Treacherous market conditions and shrinking refinancing opportunities led to the slowest pace of high yield issuance for the first third of a year since the global financial crisis, including a 14-year low in volume in April , according to LCD.
April’s slim total of $10.9 billion – after an even lower total of $10 billion in March – left volume at $54.3 billion in the first four months of this year, in down 73% from the record pace of $198 billion over the same period in 2021. It marked the slowest start for the high-yield primary market since 2009, and it reflected the lowest April total since 2008, when the collapse of Bear Stearns in the first quarter of the year sounded the alarm for the biggest crisis to come.
The dramatic year-over-year variances — including April 2021’s all-time high volume of $49.2 billion — stem primarily from the collapse in refinancing activity as yields soar, and after proactive efforts by issuers throughout the pandemic period to push back the maturity curves. Gross refinancing-focused deal volume fell to $24.5 billion in the first four months, down more than 83% from record volumes for the same period last year, and a low since 2009.
Last year, refinancing accounted for more than 60% of that record April total and about 79% of first-quarter issuance. This year, refinancing accounted for less than 15% of April’s total — a low share for any month since January 2016 — and 53% of first-quarter volume.
Diving deeper, the year-to-date share of refinancing exclusion, at just 45%, is below all yearly levels since refinancing was 42% in 2008 and 29% in 2007. refinance activity was in 2020, at 67.7% of the full year total, just ahead of the previous peak at 67.4% in 2019. Refinance-focused transactions accounted for nearly 63% of the 2021 total , still significantly above the average share at around 55% from 2005 to 2021.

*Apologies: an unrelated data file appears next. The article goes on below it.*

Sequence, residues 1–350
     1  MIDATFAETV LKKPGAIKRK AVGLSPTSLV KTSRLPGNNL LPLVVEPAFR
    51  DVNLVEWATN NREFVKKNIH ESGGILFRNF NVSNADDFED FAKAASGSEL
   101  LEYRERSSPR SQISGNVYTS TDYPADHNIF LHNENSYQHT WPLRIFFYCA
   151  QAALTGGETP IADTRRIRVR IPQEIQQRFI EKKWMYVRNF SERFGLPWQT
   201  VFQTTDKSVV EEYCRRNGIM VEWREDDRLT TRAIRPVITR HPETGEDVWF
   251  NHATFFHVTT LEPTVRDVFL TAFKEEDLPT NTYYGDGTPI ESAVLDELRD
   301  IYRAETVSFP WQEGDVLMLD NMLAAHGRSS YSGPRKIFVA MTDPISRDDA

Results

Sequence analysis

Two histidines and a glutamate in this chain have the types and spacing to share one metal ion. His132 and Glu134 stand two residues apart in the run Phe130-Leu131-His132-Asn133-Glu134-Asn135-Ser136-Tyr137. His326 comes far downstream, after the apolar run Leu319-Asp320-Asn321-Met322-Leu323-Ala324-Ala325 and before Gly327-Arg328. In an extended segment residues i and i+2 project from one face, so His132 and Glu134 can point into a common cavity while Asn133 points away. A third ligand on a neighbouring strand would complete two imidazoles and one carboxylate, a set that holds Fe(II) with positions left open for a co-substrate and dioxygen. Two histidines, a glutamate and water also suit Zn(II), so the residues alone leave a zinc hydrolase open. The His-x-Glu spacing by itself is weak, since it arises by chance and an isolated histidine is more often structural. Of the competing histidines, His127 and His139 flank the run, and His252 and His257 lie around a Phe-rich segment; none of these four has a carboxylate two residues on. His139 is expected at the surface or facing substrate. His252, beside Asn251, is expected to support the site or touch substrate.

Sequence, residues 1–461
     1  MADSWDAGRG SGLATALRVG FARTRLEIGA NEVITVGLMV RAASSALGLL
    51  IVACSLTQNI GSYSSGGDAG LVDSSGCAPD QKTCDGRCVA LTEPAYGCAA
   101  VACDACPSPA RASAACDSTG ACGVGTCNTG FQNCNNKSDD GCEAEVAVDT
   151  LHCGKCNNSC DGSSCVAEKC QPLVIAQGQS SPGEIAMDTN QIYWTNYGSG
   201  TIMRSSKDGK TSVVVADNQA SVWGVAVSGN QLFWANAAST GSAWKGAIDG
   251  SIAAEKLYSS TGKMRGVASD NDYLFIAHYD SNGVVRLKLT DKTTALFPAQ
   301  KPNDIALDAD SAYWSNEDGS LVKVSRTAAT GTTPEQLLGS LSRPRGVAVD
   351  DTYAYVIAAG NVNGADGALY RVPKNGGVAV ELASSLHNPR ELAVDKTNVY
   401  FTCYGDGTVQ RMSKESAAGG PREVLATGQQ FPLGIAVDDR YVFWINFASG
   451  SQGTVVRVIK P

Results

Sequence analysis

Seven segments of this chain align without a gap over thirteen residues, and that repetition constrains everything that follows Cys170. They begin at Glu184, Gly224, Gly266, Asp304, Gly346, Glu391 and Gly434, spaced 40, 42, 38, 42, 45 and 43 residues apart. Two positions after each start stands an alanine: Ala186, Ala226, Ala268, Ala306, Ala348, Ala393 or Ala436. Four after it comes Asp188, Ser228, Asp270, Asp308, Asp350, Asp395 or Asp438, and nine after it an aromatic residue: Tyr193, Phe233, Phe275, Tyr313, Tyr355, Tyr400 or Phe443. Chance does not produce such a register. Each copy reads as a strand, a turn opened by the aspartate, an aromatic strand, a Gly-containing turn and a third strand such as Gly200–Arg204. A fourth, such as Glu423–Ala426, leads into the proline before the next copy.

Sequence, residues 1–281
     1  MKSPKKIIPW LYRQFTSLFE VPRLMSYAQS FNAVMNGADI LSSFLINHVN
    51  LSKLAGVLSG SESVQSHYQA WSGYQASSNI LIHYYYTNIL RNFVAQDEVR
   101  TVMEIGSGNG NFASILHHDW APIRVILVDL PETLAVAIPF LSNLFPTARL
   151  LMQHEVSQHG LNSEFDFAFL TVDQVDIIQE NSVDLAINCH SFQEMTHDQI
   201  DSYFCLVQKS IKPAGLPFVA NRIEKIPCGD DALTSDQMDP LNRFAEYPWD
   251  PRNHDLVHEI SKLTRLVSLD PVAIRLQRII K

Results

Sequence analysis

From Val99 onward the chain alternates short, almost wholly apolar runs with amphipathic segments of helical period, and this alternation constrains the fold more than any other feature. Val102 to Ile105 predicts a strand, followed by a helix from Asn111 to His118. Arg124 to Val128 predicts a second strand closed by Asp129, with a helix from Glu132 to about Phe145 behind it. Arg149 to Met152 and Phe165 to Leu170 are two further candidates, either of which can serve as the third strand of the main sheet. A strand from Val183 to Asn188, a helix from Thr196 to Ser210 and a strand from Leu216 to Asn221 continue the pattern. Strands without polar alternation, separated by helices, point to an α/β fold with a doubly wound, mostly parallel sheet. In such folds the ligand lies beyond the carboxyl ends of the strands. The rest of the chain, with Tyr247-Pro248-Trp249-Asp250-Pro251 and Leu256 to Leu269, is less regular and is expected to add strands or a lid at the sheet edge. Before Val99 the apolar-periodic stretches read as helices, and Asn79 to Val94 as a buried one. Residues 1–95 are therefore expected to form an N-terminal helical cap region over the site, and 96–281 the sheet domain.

Among the main drivers of lower refinancing levels is the rapid rise in absolute costs. April’s average new offering yield hit a three-year high of 7.28%, up 32 basis points from March, and from an all-time low of 4.99% in September. 2021, a month capped by the Fed’s unambiguous rhetorical pivot to policy hawkish for the quarters ahead, and presaging the half-point rate hike announced on May 4.
Oil and gas credits accounted for the lion’s share of weak refinancing activity in April, as issuers refinanced existing term debt amid firm energy prices. More than 25% of April’s new issue volume came from O&G credits, marking the sector’s highest percentage of the total for a single month since October 2018.
Other sectors to watch are IT & Electronics and Entertainment & Leisure, which each account for nearly 11% of cumulative volume in 2022, despite the closures of both sectors in April. These year-to-date shares remain ahead of all sectors’ annual percentages since the GFC. (Entertainment and recreation accounted for 4.1% of supply in 2021, an all-time high for the year.)
As refinancing activity decreases, the shares of other product use exceptions increase. Issues backed by LBO and M&A transactions accounted for 54% of April volume, a third sequential increase since January and the highest share of any month since January 2016. Carvana Co.Investment increased by $3.275 billion from . April 27 added considerable weight to the latter total.